Thursday, August 13, 2015

Ten Things You Need to Know About Classical Music

1. There are lots of Baroque pieces other than the Four Seasons by Vivaldi, other Adagios than the one by Albinoni (who didn't actually write it), other Canons than the one by Pachelbel and other symphonies than the ones by Beethoven and Mahler.
2. You don't actually have to read music to appreciate classical music, but it certainly doesn't hurt.
3. Yes, you can clap between movements, but, as you can tell from the somewhat strained smiles of the performers and the stony silence of those folks sitting beside you, maybe you should wait until the end of the piece?
4. The only reason that serious classical musicians dress in those boring formal clothes is so that they will not be mistaken for hip-hop artists.

5. No, conductors are not paid by the beat, nor by how deeply they bow, nor by how much they perspire, nor by how high they leap in the air. Well, except for Gustavo Dudamel...
6. Composers are paid about 1/10 of the fee to compose the music of what conductors are paid to conduct it.
7. No, Bach did not actually write anything for the Moog Synthesizer.
8. Classical music is not actually a tiny niche product, about 2% of total sales, in the music industry. Well, ok, it is, economically. But culturally, it is an enormous tradition stretching back over 1000 years, well before the Beatles' first LP.
9. No, trombones are not made to sit in the back of the orchestra just because they tend to play too loud. Well, that's not the only reason.
10. And finally, despite what you may hear, the concertmaster does not get to sit in front because he or she is the cutest violinist.

That drawing at the top is of Hector Berlioz conducting, so let's end with a piece by him. This is the Symphonie fantastique with the Orchestre Philharmonique de Radio France & Simon Bolivar Youth Orchestra conducted by Gustavo Dudamel:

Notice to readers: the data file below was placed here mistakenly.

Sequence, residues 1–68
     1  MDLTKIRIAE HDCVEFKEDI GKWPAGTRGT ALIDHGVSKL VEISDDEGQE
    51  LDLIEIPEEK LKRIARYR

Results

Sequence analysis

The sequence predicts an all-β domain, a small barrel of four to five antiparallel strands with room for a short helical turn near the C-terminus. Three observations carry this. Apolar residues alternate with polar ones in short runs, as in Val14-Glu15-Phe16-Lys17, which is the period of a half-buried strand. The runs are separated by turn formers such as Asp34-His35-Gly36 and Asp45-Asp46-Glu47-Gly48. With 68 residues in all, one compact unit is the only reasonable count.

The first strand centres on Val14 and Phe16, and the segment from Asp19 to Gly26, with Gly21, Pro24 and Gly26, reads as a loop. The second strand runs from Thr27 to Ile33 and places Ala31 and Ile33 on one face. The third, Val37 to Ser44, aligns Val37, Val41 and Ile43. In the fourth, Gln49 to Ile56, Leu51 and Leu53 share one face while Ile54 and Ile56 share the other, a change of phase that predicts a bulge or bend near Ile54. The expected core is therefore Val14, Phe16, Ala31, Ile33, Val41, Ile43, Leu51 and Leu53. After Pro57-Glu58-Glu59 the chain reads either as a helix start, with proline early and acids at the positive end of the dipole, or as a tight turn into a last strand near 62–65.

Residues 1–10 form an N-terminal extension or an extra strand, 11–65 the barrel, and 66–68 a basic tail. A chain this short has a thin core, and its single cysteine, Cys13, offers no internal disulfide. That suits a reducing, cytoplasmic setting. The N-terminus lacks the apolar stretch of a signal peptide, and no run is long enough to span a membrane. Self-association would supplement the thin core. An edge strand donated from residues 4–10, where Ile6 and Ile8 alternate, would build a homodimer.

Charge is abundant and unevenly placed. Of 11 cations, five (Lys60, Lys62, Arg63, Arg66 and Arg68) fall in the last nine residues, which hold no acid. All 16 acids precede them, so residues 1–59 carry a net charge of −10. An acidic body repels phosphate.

A.C. Douglas said...

Hilarious...and perfect!

Also, a better -- much better -- reading of Symphonie fantastique:


Bryan Townsend said...

Thanks, AC! Alas, the link you sent is blocked here in Mexico for some reason. I'm sure it is a better reading, but I picked Dudamel because I mentioned him in the post.

A.C. Douglas said...

Actually, I was surprised to see the Munch recording available anywhere on YouTube as I would have expected it to be blocked by RCA (or whoever owns the copyright these days) as a copyright violation. That stellar 1954 recording is still in print and in fact has never been out of print since the first day of its release.

And, yes, I immediately understood why you put up the Dudamel video. My mention of the Munch reading was as a sort of aside.


Marc Puckett said...

Number 3 is the best response to that silly question, ha! Last night saw what's her name, the excellent percussionist, at the Guardian enthusing in answer to it, 'yes, yes, yes, applaud whenever you like! it is a sign of creative life!' or words to that effect. Evelyn Glennie.

Bryan Townsend said...

Yes, that particular question is the one that is most redolent of The Narrative! Thou shalt not question the audiences god-given right to clap between movements.

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Thanks, your blog looks interesting.